Excerpted from My Old Dog by Laura T. Coffey, Lori Fusaro. Copyright © 2015 Laura T. Coffey. Excerpted by permission of New World Library.
All rights reserved. No part of this excerpt may be reproduced or reprinted without permission in writing from the publisher.
Excerpts are provided by Dial-A-Book Inc. solely for the personal use of visitors to this web site.
Table of Contents
ContentsForeword: Please Hold My Paw and Stroke My Ear by Neko Case,
PART 1: FINDING THE GOOD LIFE,
SUNNY, Age 18 An "Energizer Bunny Powered on Love" Imparts a Whole New View of Senior Dogs,
MARNIE, Age 12 An Adorable Senior Rescue Dog Attains Wild Fame on the Internet,
REMY, Age 9 Elderly Nuns Rescue a Dog "No One Is Going to Want",
EINSTEIN, Age 10 When Einstein Met George Clooney, It Was Love at First Sniff,
BOOMER, Age 10 A Big, Beautiful Girl Belongs to David Rosenfelt's Happy Pack of Rescued Seniors,
AKILA, Age 15 Call of the Wild: Couple Feel an Irresistible Pull to Help a Feral Dog,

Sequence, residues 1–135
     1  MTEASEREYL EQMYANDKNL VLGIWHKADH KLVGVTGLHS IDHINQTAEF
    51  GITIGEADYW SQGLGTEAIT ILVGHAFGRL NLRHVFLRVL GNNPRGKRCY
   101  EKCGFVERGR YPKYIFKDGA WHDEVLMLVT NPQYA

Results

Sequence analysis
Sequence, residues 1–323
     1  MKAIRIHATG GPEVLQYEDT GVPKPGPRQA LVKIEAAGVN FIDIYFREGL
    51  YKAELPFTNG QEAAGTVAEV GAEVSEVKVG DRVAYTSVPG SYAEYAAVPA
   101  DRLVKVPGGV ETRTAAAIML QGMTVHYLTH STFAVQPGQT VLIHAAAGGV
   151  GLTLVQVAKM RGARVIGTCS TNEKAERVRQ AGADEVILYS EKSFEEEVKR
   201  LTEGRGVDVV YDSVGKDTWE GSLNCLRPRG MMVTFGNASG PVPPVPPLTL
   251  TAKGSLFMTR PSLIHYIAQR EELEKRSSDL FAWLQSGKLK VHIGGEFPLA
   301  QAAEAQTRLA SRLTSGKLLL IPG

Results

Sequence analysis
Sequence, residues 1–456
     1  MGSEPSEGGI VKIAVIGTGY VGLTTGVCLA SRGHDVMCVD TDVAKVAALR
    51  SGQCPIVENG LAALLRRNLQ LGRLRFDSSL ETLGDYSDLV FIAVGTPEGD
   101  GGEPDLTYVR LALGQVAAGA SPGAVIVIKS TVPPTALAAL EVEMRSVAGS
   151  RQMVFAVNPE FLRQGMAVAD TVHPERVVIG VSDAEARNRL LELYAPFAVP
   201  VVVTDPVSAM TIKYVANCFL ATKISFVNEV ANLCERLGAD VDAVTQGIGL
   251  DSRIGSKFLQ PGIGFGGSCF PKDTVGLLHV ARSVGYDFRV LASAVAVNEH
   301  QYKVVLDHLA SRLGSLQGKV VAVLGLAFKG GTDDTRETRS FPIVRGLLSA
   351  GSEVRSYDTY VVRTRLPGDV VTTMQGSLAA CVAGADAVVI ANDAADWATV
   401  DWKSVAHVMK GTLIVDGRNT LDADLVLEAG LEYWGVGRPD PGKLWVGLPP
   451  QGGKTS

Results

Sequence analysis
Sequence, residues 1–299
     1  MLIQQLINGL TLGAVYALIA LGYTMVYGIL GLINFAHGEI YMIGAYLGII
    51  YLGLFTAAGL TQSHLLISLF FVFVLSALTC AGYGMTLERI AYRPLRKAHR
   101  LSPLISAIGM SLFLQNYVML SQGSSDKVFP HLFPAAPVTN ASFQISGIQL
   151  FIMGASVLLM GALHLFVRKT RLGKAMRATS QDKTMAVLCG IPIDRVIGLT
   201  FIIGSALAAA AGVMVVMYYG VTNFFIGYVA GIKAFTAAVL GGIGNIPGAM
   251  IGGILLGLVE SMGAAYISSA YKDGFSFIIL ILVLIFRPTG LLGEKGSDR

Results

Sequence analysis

PART 2: HEALING,
STACIE, Age 10 Old Dog Haven: A Network of Safe Houses for Homeless Senior Dogs,
FIONA, Age 17 A So-Called Hospice Dog Ditches Her Little Red Wagon and Starts Dancing,
MADDIE, Age 7 Together, a Tiny Dog and a Seventy-Five-Year-Old Widow Start Living Again,
JIMMY CHEE, Age 12 A Quiet Greyhound Is a Perfect Fit for a Man on Kidney Dialysis,
HEALEY, Age 14 Rescued from Neglect, a Blind Dog Learns How to Love,
PART 3: HELPING,
ROCKY, Age 15 A Furry Nursing Home Resident Buoys Women Living with Dementia,
SUSIE, Age 15 Brandon Stanton's Pooch Helps Hundreds of Senior Dogs through Her Facebook Page,
CASEY, Age 9 Jeannie and Bruce Nordstrom Love to Nurture Senior Animals in Need,
DUVAL, Age 14 This Reading-Assistance Dog Is the Best Listener Ever,
PART 4: RETIRING WITH PURPOSE,
CULLEN, Age 9 A Retired Service Dog Finds Joy and Meaning in a New Line of Therapy Work,
BRETAGNE, Age 15 The Last Known Surviving 9/11 Search Dog from Ground Zero Still Lends a Helping Paw,
CODY, Age 9 After a Life in Law Enforcement, a German Shepherd Must Be Freed from Doggy Jail,
CHANEY, Age 9 A Ex-Military Dog Helps Ease His Former Handler's Burdens at Home,
PART 5: HOW YOU CAN HELP,
Simple, Surefire Tips for Having a Happy, Healthy Senior Pet by Marty Becker, DVM,
Old Dogs Can Learn New Tricks: Tips on Training and Behavior Management by Mikkel Becker,
Seniors Rock! And Here's How to Help Them,
About the Author,
About the Photographer,
Most Helpful Customer Reviews
Wonderful book, full of hope and love!